Do you think that headline is controversial? Well, let me explain why teenagers lie. As parents, we all like to think that our kids are angels, they tell us everything, they share their experiences with us, and they would never ever withhold information from us. Well, that is simply not true – all teenagers lie!
Wouldn’t it be perfect if we had an obvious tell-tale when our kids are lying? Most parents are good at ‘reading’ their children when they are younger, but this becomes harder as your child matures.
Now.... it is worth mentioning that teenagers do not lie because they want to evade punishment, or because they are being bad. They lie because they are teenagers. They are growing up, they are full of hormones, and they have an air about them that says ‘I know best’. This simply means that they are testing the waters, they don’t want to agree on anything, and they certainly do not want to admit defeat in an argument, hence the odd lie sneaks in to make life easier for them.
Think back to when you were younger, and how intimidating and confusing the world was. Then remember that your teenager is only establishing their way into the world, they are trying to figure out how to fit into groups, and they are generally testing their boundaries. They want to have a voice, but they also want to avoid excessive questioning from a parent, therefore, teenagers will resort to white lies to appease the situation.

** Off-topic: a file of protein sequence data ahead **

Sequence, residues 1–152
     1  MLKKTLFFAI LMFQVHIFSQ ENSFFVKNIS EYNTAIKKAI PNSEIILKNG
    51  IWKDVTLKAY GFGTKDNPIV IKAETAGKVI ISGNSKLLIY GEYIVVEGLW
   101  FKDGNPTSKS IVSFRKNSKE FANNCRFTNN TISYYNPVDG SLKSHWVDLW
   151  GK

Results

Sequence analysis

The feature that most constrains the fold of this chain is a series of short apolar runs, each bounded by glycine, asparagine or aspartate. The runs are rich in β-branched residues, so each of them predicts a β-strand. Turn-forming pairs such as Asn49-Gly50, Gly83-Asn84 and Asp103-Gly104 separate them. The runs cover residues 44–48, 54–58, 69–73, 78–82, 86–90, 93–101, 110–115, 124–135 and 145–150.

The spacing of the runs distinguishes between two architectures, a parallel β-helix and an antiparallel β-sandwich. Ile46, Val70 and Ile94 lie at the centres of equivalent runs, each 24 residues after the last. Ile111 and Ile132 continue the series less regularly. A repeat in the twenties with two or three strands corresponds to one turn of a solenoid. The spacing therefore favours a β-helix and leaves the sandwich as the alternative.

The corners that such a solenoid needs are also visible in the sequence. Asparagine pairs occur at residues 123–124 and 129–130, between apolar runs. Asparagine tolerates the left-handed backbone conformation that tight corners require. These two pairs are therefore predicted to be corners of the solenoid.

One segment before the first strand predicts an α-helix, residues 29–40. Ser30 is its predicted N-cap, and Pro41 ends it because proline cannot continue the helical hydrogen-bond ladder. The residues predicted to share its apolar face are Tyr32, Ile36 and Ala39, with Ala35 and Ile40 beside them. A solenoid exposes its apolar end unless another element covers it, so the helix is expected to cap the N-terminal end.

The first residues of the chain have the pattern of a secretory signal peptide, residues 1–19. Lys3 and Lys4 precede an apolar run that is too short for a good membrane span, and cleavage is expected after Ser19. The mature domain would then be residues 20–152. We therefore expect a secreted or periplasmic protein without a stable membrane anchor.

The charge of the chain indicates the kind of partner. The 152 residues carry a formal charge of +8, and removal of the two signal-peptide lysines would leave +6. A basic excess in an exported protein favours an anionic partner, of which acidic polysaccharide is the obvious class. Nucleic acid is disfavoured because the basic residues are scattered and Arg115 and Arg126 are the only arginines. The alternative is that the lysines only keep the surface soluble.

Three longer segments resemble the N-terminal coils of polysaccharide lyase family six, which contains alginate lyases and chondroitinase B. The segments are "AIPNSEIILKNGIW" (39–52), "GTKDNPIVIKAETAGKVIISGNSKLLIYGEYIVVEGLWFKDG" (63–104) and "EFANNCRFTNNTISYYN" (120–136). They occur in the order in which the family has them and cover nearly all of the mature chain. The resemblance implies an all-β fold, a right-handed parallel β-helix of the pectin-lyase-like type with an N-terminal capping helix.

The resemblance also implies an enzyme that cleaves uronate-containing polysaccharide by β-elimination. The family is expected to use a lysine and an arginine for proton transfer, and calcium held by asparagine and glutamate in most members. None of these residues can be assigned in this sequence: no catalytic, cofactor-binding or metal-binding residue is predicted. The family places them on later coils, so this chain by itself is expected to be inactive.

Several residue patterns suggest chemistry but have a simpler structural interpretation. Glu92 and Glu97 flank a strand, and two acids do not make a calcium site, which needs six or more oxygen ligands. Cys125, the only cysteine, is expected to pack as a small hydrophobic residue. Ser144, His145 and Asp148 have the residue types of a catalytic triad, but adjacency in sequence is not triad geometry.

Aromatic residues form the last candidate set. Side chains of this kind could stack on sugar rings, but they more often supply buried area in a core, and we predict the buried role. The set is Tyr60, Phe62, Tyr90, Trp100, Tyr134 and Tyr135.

I hear so many parents tell me that their child does not tell lies, and then they are totally shocked when they find out that their teenager is withholding information or being secretive. This range from topics like where they went after school, who they were chatting to online, how much money they spent on a new phone, did they have a drink with their friends and so on. Teenagers need to make their own mistakes, but naturally they also have to discover that there are agreed consequences if they are caught in a lie.
But remember, teenagers do tell lies!
Find the balance between questioning your teenager about everything and not caring at all. Allow your child to find their own feet, and accept that they are growing up into adults, some faster than others! Set boundaries that are realistic and agreed with your teenager. At all costs, avoid becoming a dictator because if you control and oversee everything, you will encourage your teenager to develop into a liar in order for them to assert some control over their own decisions. Don’t judge your child if they lie, instead guide them to make better choices. Your teenager needs to feel that you trust them, and that you respect their choices.
Supported by you, slowly but surely, your teenager will grow into a well-adjusted young person who will have good intentions and who will, in time, understand that lying is not the way to go.
By Tina Elven